With Tennessee showing faint signs of economic recovery, it is perhaps predictable that there would be voices calling on Gov. Bill Haslam to back down from proposed budget cuts to various social service and other programs. But that would be the wrong thing to do, for a number of reasons. It is true — and obviously encouraging — that in the first seven months of Tennessee’s current general fund budget, tax revenue outpaced projections by about $238 million.
Benjamin Franklin once said, “In this world nothing can be said to be certain, except death and taxes.” Those words of wisdom ring particularly true in Tennessee, where you pay taxes, die, and then pay taxes again. Your Tennessee General Assembly is working to change that by moving forward with two key proposals: phasing out the death tax entirely by 2016 and the complete elimination of the state’s gift tax this year. Tennessee is one of only 19 states in the country, and two in the Southeast, that impose a death tax.
House Democratic Caucus Chairman Mike Turner, naturally, got a fair amount of media attention when he declared recently that Republican legislators are “preoccupied with sex” and in a restrictive mode on the subject. “They’ve got a real thing with sex. We’re about ready to put the turbans on, I think, and put the women in burkas here if we keep going at this rate,” he said. There have been, indeed, several pieces of sexuality-related legislation with Republican sponsors in the 107th General Assembly — a rewrite of the state’s school sex education statutes to put more emphasis on abstinence, the much-ballyhooed-by-both-sides “don’t say gay” bill, a repeal of the Nashville city ordinance banning discrimination on the basis of sexual orientation by city contractors, etc. But it is absolutely certain that there is no danger of turbans and burkas becoming Tennessee Republican fashion. There has been ample Republican-sponsored legislation arguably promoting Judeo-Christian religious themes generally — display of the Ten Commandments, the “Religious Viewpoints Anti-Discrimination Act,” for example — and perhaps attacking Muslims, at least if you believe immigrant-rights activist assessments of last year’s “Sharia law” bill and this year’s bill to limit immigrant employment in charter schools.
I believe teacher evaluation scores and Tennessee Value Added Assessment System teacher scores should be made public. It’s not a popular point of view, especially among teachers. But I think their concerns are overstated. Tennessee lawmakers are working to pass legislation to close teacher evaluation records. TVAAS teacher scores already are not public. This short changes the people — taxpayers — who pay for public education. It is important to hold public servants accountable, and we go to great lengths to do so in every other area of public life.
The Knox County Charter Review Committee should look closely at turning a number of independent offices into appointed positions in order to streamline government, strengthen oversight and reduce the number of fiefdoms in the City County Building. If this proposal seems familiar, it is one we supported in a charter referendum in 2008. Voters rejected the effort then, but four years have passed, many of the players then are not involved in the Charter Review Committee and it’s time to re-examine the merits of the issue.
Wanted: A superintendent for what could be one of the country’s largest school districts. The unified Memphis City and Shelby County school system seeks an ambitious, charismatic miracle worker to do what has never been done in the history of urban education: Launch the performance of students from all backgrounds into the stratosphere. The district will serve the 102,000 students currently in Memphis City School system and if the suburbs have their way, not a single one of the public school students in Arlington, Bartlett, Collierville, Germantown or Lakeland.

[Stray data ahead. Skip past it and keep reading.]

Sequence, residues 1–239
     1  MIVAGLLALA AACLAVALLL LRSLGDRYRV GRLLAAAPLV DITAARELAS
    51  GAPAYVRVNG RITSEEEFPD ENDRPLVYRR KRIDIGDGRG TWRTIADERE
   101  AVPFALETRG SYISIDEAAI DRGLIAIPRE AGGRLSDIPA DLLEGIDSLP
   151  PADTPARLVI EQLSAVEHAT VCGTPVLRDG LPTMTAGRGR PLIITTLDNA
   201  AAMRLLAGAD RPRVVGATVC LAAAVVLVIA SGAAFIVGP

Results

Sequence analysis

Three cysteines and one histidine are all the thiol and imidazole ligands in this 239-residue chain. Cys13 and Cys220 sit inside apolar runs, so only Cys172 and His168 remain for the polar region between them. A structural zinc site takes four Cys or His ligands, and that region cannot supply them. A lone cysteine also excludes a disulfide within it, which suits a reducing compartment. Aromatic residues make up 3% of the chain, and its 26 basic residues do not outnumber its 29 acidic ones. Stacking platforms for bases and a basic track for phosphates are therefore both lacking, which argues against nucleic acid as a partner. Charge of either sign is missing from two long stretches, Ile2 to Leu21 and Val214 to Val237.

Around the world cities, including Memphis, are using their airports to promote their municipalities as aerotropolises. It’s a catchy word that denotes an airport is the hub of an economic development wheel which has spokes bringing real or potential economic development to the surrounding area. But as a story by business writer Tom Bailey Jr. on the cover of today’s Viewpoint section makes clear, Memphis has been great at marketing itself as an aerotropolis, but lacks the financial muscle needed to make the concept more than a marketing fad.
Amid the nonstop national debates about health care, reproductive rights, church-state separation, gun laws and what to do about Iran, perhaps it needs to be said at least one more time: The American people are first and foremost concerned about the economy. Although the U.S. is in a recovery, millions more people are out of work than five years ago. We still face brutal economic conditions here, with even more uncertainty looming from Europe. We need congressional leadership to set us on a sound fiscal course … right?
The National Disability Rights Network released its latest report on the continued use of restraint and isolation in schools that has led to physical injury of students with disabilities. Among the examples included in the report are scream rooms in Connecticut and the tragic case of a boy who was stuffed in a duffel bag in Kentucky. These examples show the need for the U.S. Department of Education to be proactive in setting forth policies and consequences of using restraint and isolation since federal legislation continues to be blocked.
It is not necessary for the U.S. Supreme Court to find the individual mandate portion of the Patient Protection and Affordable Care Act (ACA) to be unconstitutional in order to strike down the entire act, but it would be sufficient. It is also the most visible legal weakness in the act, which is why supporters of the ACA have now suggested that the mandate is severable from the remainder of the act. The ACA’s supporters hope that by sacrificing the mandate they can keep the rest of the act alive.